MILWAUKEE — When Cubs manager Joe Maddon told Starlin Castro he’s not about to get traded, it showed the All-Star shortstop’s value is in free fall.
It’s not like Maddon rewrote Castro’s contract — which has four years and $38 million guaranteed after this season — and gave him a no-trade clause. Castro does not have the job security of a Supreme Court justice, especially with Addison Russell playing next to him at second base.
Yes, the Cubs have tried to drum up interest in Castro, but it’s a hard sell when his .574 OPS ranks last among the 22 qualified big-league shortstops and WAR measures him as a negative player offensively and defensively.
Maddon wouldn’t have gone out on that limb — telling Castro to relax during a meeting in the manager’s office late Tuesday night, and then sharing the details during his media session on Wednesday morning at Wrigley Field — if he didn’t have some inside information.
Ideally, Maddon wants the same dugout/front-office synergy he once felt with the Tampa Bay Rays, and Cubs executives Theo Epstein and Jed Hoyer ask for his opinions and try to keep him in the loop.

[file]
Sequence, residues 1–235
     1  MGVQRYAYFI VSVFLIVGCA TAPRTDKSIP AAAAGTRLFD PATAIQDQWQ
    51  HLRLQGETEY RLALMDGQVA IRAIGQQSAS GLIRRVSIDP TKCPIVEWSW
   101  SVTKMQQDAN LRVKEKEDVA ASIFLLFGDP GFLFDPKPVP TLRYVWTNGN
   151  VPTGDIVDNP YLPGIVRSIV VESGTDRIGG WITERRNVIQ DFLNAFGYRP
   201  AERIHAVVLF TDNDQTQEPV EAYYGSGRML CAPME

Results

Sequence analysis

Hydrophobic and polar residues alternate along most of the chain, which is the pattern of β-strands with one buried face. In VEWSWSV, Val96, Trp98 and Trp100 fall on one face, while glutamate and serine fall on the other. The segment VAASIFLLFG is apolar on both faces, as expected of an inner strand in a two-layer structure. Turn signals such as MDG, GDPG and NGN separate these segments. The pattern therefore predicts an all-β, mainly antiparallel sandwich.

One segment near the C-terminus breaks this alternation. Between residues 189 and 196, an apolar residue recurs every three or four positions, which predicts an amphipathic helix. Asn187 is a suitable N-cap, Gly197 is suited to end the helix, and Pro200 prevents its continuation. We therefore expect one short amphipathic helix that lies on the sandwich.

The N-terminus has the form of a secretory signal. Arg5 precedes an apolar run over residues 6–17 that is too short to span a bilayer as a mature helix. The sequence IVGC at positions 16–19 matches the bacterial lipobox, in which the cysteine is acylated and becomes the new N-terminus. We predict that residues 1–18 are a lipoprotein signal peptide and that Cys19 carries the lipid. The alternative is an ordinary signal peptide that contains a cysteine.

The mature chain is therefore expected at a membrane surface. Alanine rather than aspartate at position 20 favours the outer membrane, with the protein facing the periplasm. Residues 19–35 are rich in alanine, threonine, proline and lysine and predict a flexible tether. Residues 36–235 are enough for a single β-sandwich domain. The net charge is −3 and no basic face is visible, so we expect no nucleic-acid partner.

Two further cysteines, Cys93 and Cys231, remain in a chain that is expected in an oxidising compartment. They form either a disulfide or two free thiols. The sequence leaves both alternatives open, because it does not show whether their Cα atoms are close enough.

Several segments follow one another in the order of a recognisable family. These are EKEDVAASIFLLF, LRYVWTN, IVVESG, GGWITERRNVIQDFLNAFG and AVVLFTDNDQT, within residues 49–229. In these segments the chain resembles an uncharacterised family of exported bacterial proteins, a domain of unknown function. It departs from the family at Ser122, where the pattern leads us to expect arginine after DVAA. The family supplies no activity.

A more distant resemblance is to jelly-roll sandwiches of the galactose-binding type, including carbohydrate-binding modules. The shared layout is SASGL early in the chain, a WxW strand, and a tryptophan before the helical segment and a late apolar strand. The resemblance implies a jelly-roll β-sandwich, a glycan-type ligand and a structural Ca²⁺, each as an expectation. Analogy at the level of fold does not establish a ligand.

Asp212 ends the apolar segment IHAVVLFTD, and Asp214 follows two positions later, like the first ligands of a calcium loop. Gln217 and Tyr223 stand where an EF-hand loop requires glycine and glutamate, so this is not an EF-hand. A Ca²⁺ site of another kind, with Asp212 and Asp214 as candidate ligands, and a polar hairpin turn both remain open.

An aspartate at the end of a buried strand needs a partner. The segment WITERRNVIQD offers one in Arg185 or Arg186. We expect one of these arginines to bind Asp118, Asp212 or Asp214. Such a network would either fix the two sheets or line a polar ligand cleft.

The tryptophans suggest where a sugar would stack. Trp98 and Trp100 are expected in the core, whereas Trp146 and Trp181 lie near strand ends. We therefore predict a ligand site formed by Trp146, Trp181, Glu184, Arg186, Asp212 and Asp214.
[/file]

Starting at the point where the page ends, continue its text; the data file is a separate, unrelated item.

“This game is so fluid on a daily basis,” Maddon said Thursday at Miller Park, less than 24 hours before the non-waiver deadline. “What I said the other day — I meant it — he was not going to be traded. I have no idea if that’s going to happen. You never know that. If somebody just blows Theo away, obviously, you got to do something like that.”
The Cubs aren’t banking on that offer, knowing this would also be selling low on a player who’s already earned three All-Star selections and under contract for prime-age seasons (26, 27, 28, 29). The concentration issues — even if that part of Castro’s game has been blown out of proportion at times — couldn’t have helped the perception either.
“As of that particular moment,” Maddon said, “every piece of information I had received (said) he was not being traded.”
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Castro is mentally tough. Otherwise, he would have needed more than the 995 at-bats it took to rocket through the farm system and skip the Triple-A level. He played in 481 of the team’s 486 games between 2011 and 2013.
Castro is also a streaky hitter. He recovered from the down 2013 season that influenced the decision to fire Dale Sveum to become an All-Star again last year.
If Castro gets hot again, you know the Cubs will keep looking for deals.
“I’m not putting my head down,” Castro said. “I never give it away. Just (stay) positive and keep trying. Like I say all the time: My swing doesn’t go away. It’s still there. I feel healthy. I’ve been through this before. I know how it feels. There’s still two months left in the season. I think I can finish strong.”